When the printing press was invented more than 500 years ago, it was certainly done so with good intentions. However, one of the unintended side effects of that innovation, we know from retrospect, was its use to incite people. Wars, mainly religious wars, were the result.
In our times, the story of the Internet may sound similar. Invented to further participation and democratic discourse, and that is not a new discovery, the internet, and in particular social media, has become the main theatre of manipulation and incitement. That has given rise to all kinds of negative, not to say dystopic, reviews and comments, predicting conflict and even (civil) wars. But what if these negative features of manipulation and incitement aren’t going away and are going to stay as part of our life in the digital world?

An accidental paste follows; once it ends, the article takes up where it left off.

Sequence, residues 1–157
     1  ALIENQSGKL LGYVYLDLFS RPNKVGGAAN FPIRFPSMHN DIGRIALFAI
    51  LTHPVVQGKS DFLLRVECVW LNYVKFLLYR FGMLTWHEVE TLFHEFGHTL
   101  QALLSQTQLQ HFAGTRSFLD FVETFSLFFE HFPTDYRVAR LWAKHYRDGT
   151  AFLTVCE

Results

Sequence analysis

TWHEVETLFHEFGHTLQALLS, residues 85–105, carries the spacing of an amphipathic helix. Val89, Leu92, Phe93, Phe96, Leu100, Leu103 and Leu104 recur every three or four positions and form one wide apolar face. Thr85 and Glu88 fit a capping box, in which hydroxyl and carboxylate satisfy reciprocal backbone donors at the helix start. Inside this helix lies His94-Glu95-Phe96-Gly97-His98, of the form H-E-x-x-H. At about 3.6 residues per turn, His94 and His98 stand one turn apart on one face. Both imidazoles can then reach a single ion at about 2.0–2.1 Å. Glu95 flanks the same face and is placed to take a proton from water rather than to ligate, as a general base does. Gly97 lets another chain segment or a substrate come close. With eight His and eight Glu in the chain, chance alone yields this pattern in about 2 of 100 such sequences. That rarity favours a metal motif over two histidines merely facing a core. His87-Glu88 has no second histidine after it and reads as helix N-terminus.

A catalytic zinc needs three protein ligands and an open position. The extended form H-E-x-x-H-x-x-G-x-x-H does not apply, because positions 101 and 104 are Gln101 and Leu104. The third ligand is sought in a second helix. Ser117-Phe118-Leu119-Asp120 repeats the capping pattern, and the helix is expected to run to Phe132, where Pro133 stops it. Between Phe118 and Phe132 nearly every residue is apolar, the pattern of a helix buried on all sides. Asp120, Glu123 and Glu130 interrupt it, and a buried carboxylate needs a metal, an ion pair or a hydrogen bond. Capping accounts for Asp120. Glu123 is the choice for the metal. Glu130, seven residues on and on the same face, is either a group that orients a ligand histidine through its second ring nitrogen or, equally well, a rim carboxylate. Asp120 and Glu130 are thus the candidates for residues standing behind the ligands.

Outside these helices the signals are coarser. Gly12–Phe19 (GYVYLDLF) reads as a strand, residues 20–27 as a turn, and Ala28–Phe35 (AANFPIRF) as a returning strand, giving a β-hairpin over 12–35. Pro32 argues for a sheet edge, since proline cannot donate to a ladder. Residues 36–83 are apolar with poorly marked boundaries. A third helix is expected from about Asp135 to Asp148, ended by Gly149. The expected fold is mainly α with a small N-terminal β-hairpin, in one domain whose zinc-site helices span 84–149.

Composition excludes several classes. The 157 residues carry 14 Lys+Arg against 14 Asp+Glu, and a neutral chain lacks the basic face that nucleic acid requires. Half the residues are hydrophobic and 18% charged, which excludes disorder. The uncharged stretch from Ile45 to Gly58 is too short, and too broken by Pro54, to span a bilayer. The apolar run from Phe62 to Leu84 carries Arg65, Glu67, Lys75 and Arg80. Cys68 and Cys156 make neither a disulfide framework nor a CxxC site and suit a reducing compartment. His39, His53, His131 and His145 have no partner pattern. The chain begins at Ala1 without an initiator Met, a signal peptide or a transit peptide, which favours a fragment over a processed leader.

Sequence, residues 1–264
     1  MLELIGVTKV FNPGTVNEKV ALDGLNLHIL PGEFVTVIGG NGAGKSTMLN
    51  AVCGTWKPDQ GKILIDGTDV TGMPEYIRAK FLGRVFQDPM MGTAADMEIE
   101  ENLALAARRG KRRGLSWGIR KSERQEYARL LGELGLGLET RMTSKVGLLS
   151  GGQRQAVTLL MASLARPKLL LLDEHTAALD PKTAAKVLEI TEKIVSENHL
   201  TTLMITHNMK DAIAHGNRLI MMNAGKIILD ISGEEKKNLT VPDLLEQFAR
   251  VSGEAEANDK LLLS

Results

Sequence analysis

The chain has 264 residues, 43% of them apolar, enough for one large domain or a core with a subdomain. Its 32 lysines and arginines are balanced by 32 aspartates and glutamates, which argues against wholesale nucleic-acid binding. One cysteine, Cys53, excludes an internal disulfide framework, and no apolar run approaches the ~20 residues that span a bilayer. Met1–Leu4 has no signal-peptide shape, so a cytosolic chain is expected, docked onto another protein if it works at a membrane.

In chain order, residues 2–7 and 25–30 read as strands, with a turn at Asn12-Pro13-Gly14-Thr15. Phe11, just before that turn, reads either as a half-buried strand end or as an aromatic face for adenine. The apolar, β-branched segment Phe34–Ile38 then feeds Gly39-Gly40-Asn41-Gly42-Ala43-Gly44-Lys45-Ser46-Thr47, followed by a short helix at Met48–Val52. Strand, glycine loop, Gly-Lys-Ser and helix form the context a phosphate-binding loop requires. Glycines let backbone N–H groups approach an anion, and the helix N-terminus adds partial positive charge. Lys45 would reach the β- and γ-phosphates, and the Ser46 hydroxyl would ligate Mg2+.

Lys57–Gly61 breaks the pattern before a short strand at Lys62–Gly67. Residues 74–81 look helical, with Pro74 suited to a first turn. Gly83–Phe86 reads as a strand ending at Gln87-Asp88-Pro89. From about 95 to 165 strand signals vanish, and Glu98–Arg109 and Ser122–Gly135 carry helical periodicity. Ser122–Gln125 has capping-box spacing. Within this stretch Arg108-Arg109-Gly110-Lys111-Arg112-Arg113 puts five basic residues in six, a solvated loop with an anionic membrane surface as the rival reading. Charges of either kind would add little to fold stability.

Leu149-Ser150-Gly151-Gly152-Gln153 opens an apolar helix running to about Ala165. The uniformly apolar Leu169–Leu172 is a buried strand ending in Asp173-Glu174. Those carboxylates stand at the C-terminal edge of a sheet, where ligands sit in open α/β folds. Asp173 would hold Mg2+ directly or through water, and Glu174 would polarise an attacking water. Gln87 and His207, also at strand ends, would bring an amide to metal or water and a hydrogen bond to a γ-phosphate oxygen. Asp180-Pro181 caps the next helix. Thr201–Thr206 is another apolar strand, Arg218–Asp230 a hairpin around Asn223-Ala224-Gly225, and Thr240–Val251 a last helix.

500 years ago, there was no civil society in the sense we know it today. You don’t need to be a historian to see the advantage: Civil society and Civil Society Organisations can act as voices of reason and moderation. But how? Welll grounded experts in both, new media and civil society, look at the options and develop their vision on how misinformation and manipulated can be countered and the internet as a public good for the public good can succeed.
Ms. Barb Iverson, Digital Education Consultant, Berlin, Moderator
- Valerie Khan, Digital Equity Association
- Yin Yadanar Thein, Free Expression Myanmar
- Simone Toussi, CIPESA
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